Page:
Tony (Maurice Evans on Broadway; Ray Milland in the movie) is played with a rigorous American fervor by Daniel Region. Like Murphy he seems to strain against the dialogue at times, although he does better throughout the play. He delivers no English accent, has no mannerisms that separate him from his American rival. He is believable, however, as a plotting scoundrel with an emotionless soul. He gives a Tony whose motives seem immediate and accessible, whose technique is solid and as well developed as his Tennis backhand serve. Region is intriguing to watch. He is handsome and attractive for a moment, then moderately repulsive as his body and his face contort awkwardly. He lets his Tony struggle with this odd, Dickensian trait. As often as possible he plays against the script’s words and in the third act he adds a laughing persona that allows him to play out Tony’s fantasy of controlling his world easily and without fear.
John Trainor brings a remarkably realistic British sensibility and accent to his performance of the police inspector. His years of experience in murder mysteries has given him a self-assurance in these roles that clearly shows in this play. Under Flo Hayle’s direction he seems to be rushing through a few things that he would normally take slowly and deliberately and now and then he seemed to be fighting the director’s need to move on. But even that helped to give his character edge and fire.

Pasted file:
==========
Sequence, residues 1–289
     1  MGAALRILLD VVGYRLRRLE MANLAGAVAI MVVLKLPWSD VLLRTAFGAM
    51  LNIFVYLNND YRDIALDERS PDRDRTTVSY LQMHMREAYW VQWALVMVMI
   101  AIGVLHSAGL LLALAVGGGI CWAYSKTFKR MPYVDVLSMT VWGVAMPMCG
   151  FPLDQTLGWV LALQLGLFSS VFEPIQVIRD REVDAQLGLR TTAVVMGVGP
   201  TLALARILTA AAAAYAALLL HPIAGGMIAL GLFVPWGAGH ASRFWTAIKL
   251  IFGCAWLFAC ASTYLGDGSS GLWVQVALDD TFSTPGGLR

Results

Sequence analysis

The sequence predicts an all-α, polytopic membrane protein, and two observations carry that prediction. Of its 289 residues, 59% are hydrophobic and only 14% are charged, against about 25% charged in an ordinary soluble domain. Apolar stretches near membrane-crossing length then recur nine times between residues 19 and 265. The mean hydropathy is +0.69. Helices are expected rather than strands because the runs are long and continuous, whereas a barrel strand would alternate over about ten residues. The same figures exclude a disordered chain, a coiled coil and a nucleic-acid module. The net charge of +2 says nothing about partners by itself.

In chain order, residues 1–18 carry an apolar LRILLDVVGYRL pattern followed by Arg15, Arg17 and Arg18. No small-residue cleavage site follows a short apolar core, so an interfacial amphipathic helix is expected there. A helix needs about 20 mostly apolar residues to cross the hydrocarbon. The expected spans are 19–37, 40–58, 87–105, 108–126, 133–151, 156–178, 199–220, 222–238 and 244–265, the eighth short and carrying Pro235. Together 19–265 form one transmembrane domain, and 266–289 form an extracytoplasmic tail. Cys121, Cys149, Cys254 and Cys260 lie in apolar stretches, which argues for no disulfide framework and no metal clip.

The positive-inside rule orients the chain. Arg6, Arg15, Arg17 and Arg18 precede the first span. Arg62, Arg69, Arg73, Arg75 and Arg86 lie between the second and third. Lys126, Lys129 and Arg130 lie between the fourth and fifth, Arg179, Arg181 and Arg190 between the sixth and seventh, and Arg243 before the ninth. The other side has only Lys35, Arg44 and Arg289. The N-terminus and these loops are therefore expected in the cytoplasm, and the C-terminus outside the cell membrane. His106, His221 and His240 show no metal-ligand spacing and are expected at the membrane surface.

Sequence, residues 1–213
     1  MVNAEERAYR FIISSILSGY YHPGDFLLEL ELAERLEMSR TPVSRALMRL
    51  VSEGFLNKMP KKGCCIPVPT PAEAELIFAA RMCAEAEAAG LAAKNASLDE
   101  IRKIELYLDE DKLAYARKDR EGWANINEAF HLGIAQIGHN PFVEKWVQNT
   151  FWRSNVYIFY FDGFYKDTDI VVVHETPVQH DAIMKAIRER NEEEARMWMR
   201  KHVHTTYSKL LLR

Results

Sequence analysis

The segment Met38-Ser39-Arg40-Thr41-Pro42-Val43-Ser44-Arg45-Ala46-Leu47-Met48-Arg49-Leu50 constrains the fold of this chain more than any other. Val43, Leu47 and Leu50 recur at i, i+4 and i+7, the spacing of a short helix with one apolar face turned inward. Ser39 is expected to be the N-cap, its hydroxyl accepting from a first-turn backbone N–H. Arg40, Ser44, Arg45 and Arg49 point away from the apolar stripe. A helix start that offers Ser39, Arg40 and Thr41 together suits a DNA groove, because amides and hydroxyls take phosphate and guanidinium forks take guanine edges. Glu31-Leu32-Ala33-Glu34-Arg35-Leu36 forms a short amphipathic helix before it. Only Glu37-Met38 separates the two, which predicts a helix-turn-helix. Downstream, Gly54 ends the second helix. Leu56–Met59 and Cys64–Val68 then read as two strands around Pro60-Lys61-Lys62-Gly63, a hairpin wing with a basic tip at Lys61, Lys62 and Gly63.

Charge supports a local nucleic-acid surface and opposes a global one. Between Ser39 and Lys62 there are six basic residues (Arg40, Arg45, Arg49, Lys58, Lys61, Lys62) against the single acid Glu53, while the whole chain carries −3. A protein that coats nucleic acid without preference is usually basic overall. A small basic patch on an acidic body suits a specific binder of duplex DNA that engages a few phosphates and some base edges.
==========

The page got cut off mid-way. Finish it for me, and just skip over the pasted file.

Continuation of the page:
Neal Berntson does a nice job as Captain Lesgate, the reprobate who is caught in Tony Wendice’s murderous trap. He knows how to make sleazy acceptable and how to make pseudo-respectability into an uncomfortable box ripping at its seams. Paul Leyden makes his first exit as Thompson a memorable moment. Someone does nicely with voices
Hayle’s direction of the play includes a brief but highly effective choreographed murder, some devilishly tricky acrobatics on furniture, and a few less defined visuals that seem to be the result of not wanting to imitate the work of others. Unfortunately those are the moments we wait for: the shaft of light from the bedroom door; the staircase discovery; the telling looks between Margot and Max. The play suffers from a lack of these things. On the other side, she has given her Margot a reality that is hard to come by, has strengthened Lesgate’s dignity, and taken a few new and interesting turns with the unrepentant Tony.
On balance, this production cannot compare with the one I saw in Vermont in July but it does factor favorably against the Hitchcock film. Tony’s sense of humor is better here. Margot’s near breakdown is broader and more realistic. Max’s realization of the plot is presented with greater simplicity and honesty on this stage. This will never be my favorite production of the play but it is one that adds much to the long history of a very good play and that makes it worth the time and money. And a good play is always worth revisiting.
Dial M For Murder plays at the Ghent Playhouse, located just off Route 66 in Ghent, New York through October 30. For tickets and information contact the box office at 518392-6264.